The U.S. Department of Education has announced that it will allow students to apply for federal aid to enroll in “non-traditional” training programs that partner with colleges and universities, as part of a broader effort to increase their ability to enroll in higher education.
The department invited eight institutions of higher education to participate in the Educational Quality through Innovation Partnerships (EQUIP) experiment, along with organizations ranging from online educational programs and computer coding courses to General Electric.
With the changing demographics of students in higher education who often don’t come directly from high school, it’s important for the Education Department and others to ensure that various student groups are served appropriately and provided skills they need to get jobs after graduation, said Under Secretary of Education Ted Mitchell, who works on higher education issues at the department.
This is one of several different initiatives by President Barack Obama’s administration to alter policies impacting college access. Last year, it announced a pilot program extending Pell Grants to high school students who enroll in certain programs. And, it also made changes to the federal student loan application process designed to make the process easier. EQUIP itself was also announced last year.
Skills, Credentials, Manageable Debt
The structure of student aid through these partnerships will differ between programs, Mitchell said, and it’s not a blank check for students when it comes to the amount and use of federal aid dollars. Pell Grants will cover some of the cost at all of the programs, but not all of the costs at all of the programs. The first-year cost in terms of Pell Grants will be capped at $5 million—students in some cases will have to borrow money for program costs, Mitchell noted.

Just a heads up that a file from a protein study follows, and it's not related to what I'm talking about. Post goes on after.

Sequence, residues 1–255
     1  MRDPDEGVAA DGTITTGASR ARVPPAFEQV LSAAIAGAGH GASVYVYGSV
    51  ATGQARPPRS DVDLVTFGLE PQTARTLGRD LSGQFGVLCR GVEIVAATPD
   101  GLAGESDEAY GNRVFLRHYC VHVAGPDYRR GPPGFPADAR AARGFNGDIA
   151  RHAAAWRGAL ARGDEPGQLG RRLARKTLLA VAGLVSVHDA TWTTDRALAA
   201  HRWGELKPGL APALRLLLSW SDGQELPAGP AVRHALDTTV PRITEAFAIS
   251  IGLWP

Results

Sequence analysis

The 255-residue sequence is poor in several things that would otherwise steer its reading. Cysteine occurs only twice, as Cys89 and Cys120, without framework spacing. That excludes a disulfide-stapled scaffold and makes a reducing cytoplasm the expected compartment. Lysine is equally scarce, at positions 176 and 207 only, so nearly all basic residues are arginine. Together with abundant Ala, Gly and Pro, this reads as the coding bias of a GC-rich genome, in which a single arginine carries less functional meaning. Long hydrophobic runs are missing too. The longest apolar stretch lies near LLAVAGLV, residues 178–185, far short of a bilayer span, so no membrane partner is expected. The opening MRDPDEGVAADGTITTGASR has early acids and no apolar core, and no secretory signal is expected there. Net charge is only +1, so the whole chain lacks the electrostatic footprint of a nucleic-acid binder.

At the same time, he stressed that there will be accountability on the back end—for example, students will receive tuition refunds if they are unable to find jobs after completing the program.
“We want to make sure students are leaving these programs with the skills and credentials they signed up for, and with manageable student debt,” Mitchell said.
While the ultimate focus is on providing these students with desireable skills in the workforce, Joseph Aoun, the president of Northeastern University in Boston which is partnering with General Electric, stressed that his university won’t take a back seat to GE when it comes to academics under the EQUIP experiment.
“We are going to be responsible for the learning, the teaching, and the oversight of the whole process,” Aoun said.
In addition, each of the eight partnerships will be overseen by a “quality assurance entity” to ensure that the programs remain on track. They will monitor stats like graduation rates and cost per credit.
As the invitees to participate in EQUIP, the colleges and universities, along with the training programs, will set up their education programs and then submit them to the department for final approval. This isn’t a large-scale experiment in higher education, not yet any way: In the first year, these partnerships will involve about 1,800 students total, Mitchell said. Colleges and universities will be the “banker” when it comes to handling student loans for these new partnerships, Mitchell said, although he didn’t provide extensive details about how the financial aid will be handled.
Here are the eight colleges and universities, along with their respective alternative providers and quality assurance groups, that are taking part in EQUIP:
Institution: Colorado State University Global Campus (Greenwood Village, CO)
Non-traditional provider: Guild Education
Quality assurance entity: Tyton Partners
Institution: Dallas Community College System (Dallas, Texas)
Non-traditional provider: StraighterLine
Quality assurance entity: CHEA Quality Platform
Institution: Marylhurst University (Marylhurst, Oregon)
Non-traditional provider: Epicodus
Quality assurance entity: Climb
Institution: Northeastern University (Boston, Massachusetts)
Non-traditional provider: General Electric
Quality assurance entity: American Council on Education (ACE)
Institution: SUNY Empire State College (Saratoga Springs, New York)
Non-traditional provider: The Flatiron School
Quality assurance entity: American National Standards Institute (ANSI)
Institution: Thomas Edison State College (Trenton, NJ)
Non-traditional provider: Study.com
Quality assurance entity: Quality Matters
Institution: University of Texas - Austin (Austin, TX)
Non-traditional provider: MakerSquare
Quality assurance entity: Entangled Solutions and Moody, Famiglietti & Andronico, LLP
Institution: Wilmington University (New Castle, Delaware)
Non-traditional provider: Zip Code Wilmington
Quality assurance entity: Hacker Rank
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